Monday, April 26, 2010

Lessons in Life and Eyeliner with the Little One, Part 1 of 2

No one ever prepares you for the mental elasticity you need to raise a child. There's the extent to which child rearing is physically grueling -- all the baby carrying, lifting, stroller-transferring -- but I've found that the most challenging aspect of being a parent is having to constantly evolve with them. I've always been a particular person who likes order. Sure, I'm definitely a fly-by-the-seat-of-my-pants type of gal, who relishes the emotive and creative motivation. But the defining action pulling it all together for me is always the implementation of structure. And when you've got a kid, that ringleader position you held in your own fantastic circus? Well, let's just say, you're suddenly being outsmarted, outrun, and essentially, completely humbled by the smallest, and possibly the most fascinating person you may have met in recent history.

When my daughter A was born, I had incredible difficulty breast-feeding. I struggled with multiple infections, vascular spasms, and ended up only being able to pump, while still being in a lot of pain. I coped with the desire to provide my daughter breast milk as I simultaneously struggled with the logistical issues of pumping eight times a day, a throbbing chest, and all the other intensity that ensues in those first three months post-birth. I mention this because we've all been through one issue or another with our children, whether it's been with feeding, colic, sleeping, etc. While they are very young, every day is full of new hurdles, as well as new accomplishments. What keeps us going are those grin-breaking moments when our child sits up for the first time, takes her first walk in the park, or says something as simple as "uh-oh."

At nearly 21 months of age now, my daughter has entered her Terrible Twos. It began with language -- with the basic words like ball, dog, car, eat. Then, came her first, and really, only sentence to date: "I want ____." At 7:30 a.m., my alarm every morning is: "JUICE! I WANT JUICE!" Throughout the day, A's list of demands seemingly directs the course of our day. She may want to eat turkey, listen to a song, or (sigh) draw with chalk on her shirt and mine. It also could be as ambiguous as "I want THIS!" and I have no clue what "this" is. Her "this" could be as incomprehensible as wanting to spear her string beans from only a certain angle. And with only that one sentence at her grasp, meltdowns, even if they are short-lived, can be a-many. For a few weeks, I kept asking A: "What do you want?" I later realized that by asking her what she wanted I was only making things more difficult for both of us, as half the time, she's just having fun ordering me around. Furthermore, if she sees me getting flustered, my anxiety possibly fuels her frustration.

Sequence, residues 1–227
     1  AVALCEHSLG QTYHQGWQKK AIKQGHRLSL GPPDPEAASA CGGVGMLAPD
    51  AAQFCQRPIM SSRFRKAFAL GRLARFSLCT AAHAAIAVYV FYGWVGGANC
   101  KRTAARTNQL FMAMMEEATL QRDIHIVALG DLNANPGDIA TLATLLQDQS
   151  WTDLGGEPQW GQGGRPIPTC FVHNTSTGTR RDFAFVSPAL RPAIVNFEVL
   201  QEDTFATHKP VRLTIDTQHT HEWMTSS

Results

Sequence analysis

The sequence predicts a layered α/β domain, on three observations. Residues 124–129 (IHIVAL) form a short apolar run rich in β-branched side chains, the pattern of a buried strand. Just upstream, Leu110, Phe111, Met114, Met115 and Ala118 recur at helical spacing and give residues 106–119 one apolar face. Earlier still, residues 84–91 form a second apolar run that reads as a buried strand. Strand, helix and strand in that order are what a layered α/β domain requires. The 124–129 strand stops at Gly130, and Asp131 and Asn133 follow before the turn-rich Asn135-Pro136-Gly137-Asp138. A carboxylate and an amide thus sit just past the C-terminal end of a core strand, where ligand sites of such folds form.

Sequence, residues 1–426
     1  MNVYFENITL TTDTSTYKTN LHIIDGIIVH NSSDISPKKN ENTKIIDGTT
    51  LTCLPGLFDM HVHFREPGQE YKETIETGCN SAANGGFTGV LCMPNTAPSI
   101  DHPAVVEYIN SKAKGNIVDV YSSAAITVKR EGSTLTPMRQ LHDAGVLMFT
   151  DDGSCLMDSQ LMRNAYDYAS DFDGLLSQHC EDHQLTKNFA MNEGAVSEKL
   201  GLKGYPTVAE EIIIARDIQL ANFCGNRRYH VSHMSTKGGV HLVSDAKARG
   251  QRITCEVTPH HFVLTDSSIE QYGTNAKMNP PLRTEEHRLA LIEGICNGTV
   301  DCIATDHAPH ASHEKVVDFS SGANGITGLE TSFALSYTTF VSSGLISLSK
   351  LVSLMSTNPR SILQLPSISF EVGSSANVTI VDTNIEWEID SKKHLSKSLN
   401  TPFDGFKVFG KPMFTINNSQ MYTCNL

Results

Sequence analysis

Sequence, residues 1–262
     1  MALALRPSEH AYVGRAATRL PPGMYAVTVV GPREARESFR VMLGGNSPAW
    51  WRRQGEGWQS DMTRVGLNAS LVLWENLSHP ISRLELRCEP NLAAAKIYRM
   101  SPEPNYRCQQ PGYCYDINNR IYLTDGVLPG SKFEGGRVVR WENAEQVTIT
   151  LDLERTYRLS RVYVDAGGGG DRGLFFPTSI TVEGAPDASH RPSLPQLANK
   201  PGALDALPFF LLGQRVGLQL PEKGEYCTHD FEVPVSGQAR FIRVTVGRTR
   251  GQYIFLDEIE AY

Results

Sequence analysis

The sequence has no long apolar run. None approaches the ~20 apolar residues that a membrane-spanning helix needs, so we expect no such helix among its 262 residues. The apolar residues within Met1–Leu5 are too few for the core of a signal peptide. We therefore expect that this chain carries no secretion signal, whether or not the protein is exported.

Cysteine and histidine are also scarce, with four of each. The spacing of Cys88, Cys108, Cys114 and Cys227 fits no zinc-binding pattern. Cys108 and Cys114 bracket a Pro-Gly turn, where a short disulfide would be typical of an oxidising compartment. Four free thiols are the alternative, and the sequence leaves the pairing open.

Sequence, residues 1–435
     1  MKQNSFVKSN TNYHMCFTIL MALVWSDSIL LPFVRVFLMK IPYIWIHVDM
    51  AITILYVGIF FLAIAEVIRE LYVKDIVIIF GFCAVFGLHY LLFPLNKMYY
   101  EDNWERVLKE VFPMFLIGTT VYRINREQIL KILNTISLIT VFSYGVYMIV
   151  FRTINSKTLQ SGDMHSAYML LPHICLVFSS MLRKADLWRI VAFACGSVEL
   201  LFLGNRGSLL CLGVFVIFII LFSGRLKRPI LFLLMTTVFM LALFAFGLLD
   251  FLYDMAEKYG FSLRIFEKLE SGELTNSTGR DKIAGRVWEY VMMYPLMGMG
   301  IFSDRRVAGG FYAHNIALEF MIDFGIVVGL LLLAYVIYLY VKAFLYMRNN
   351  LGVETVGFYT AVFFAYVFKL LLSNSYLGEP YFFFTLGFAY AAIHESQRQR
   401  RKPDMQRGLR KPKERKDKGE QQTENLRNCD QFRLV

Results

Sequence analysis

As I watched my daughter's personality develop over the last few months, and started to characterize her to others as "willful", I felt tested in a way I had never felt, even through the rigors of graduate school. I felt like my hands were tied because I myself was so strong-willed.  I discussed this with my good friend J, a mom of two sons, and she suggested a different approach: why not drop the thinking of it being a "battle of wills"? I hadn't realized up until that point that I had felt like I was in some sort of contest.

So I've been trying -- to be more flexible. I have to give my daughter a lot of credit for this. It's probably one of the biggest lessons I'm learning in life. I'm a perfectionist at heart, but as a parent you ride a wave that's got unexpected bends, jumps and sometimes you're totally blown off that wave and have to start from scratch,  paddling until you're on the wave again (to use a surfing analogy). When A and I are in the heat of the moment and she's screaming, I try my hardest to take a step back and just be, instead of reacting. It doesn't always work. Sometimes we end up both giggling and dancing, and then at other times she's thrown bubble solution in my eyes, I've got fried egg on my forearm, I'm frazzled and late to an appointment …

But at the end of the day, I look at my life, our life together. The reflection tells me I'm a little tired. My eye make-up may or may not be intact depending on the type of tumbles I've taken. But I'm ready for the next adventure. What does Mama need to learn next, little one?


Disclaimer: Nuy Cho has no affiliation to any of the beauty companies mentioned on

1 comment:

ejc said...

Plenty more to learn from little ones!! I think Parents/children are mutual teachers/students for lifetime.